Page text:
Redefining “Normal”

The intensity levels listed above are intentionally vague for each of the microcyles–high, medium, low is hardly specific enough to know if you’re doing it right. The reason for leaving these definitions open ended is to allow you to define these intensities based on what you know to be you abilities.

The Central Training Program Guidebook is able to prescribe some fairly exacting formulas for microcycles because the overall training program is designed with specific gates at each of the phases so that you (an we) know where your at at each point of your training phase.

However, when setting out on your own there are a few key indicators to determine where your ‘normal” training phase load needs to be:

-Resting Heart Rate Recovery. The testing is very precise and very simple. In the morning, preferably before coffee, lie down for 3 minutes then take your heart rate. Then stadn for one minute and take your heart rate. If there is more than a 20% difference your training volume is too high for a normal level micro cycle.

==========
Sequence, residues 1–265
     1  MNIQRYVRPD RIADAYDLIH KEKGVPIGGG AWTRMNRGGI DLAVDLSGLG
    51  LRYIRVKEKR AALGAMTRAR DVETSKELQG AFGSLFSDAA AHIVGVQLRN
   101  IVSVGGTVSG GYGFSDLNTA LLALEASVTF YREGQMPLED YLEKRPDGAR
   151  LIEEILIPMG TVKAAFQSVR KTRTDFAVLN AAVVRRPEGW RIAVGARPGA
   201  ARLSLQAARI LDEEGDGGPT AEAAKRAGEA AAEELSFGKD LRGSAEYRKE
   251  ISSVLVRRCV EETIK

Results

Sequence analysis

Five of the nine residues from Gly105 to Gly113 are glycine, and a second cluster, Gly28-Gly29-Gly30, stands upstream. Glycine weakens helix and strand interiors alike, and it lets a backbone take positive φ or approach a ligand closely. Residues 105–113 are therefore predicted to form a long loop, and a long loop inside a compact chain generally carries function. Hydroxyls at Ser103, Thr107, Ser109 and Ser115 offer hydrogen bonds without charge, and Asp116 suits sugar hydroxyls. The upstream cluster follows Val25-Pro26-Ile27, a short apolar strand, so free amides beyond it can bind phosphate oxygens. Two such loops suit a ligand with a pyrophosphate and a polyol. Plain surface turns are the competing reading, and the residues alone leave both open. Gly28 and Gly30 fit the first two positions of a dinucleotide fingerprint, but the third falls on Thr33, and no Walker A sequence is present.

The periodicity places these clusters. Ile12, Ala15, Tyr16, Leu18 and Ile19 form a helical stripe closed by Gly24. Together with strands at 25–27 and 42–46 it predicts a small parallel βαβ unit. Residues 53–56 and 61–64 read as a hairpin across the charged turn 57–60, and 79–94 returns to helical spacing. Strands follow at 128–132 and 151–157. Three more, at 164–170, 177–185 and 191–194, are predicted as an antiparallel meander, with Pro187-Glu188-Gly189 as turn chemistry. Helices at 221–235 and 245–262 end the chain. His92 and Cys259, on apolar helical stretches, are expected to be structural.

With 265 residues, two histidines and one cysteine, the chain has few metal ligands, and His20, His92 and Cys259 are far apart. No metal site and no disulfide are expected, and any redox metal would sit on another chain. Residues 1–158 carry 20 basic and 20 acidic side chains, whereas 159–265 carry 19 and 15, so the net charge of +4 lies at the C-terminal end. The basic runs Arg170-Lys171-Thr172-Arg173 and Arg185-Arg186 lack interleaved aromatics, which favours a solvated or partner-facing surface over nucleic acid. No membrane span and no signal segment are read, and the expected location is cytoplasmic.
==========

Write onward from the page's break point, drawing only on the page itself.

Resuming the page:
-Fatigue. Are your getting 8+ hours of sleep each night and still tired throughout the day? If yes, then your training volume is too high for a normal cycle.

-Soreness. Soreness should last for 2 days after a workout that is focused on a specific muscle group. If your body cannot recover within 2 days, your training volume is too high for a normal cycle.

After each microcycle round, reassess what your capable of. You will see an increase in your abilities and will be able to do more and more difficult workouts as part of your normal training cycles.

This is  the beauty, and the challenge, of building a training program around microcycles–you will always progress forward and consequently, will constantly be able to take on new challenges.